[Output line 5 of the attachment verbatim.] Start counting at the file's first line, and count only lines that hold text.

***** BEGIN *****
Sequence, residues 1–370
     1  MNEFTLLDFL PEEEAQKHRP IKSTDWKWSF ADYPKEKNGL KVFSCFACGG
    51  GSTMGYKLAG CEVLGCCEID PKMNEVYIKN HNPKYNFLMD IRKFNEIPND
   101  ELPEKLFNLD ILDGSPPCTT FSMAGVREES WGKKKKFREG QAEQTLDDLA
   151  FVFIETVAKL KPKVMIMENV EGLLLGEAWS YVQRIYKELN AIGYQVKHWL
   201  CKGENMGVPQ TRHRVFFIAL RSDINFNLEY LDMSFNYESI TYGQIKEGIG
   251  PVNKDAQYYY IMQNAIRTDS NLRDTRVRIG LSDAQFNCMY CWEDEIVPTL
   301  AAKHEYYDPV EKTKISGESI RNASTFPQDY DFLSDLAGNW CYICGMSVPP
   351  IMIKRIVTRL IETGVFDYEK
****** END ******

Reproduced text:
   151  FVFIETVAKL KPKVMIMENV EGLLLGEAWS YVQRIYKELN AIGYQVKHWL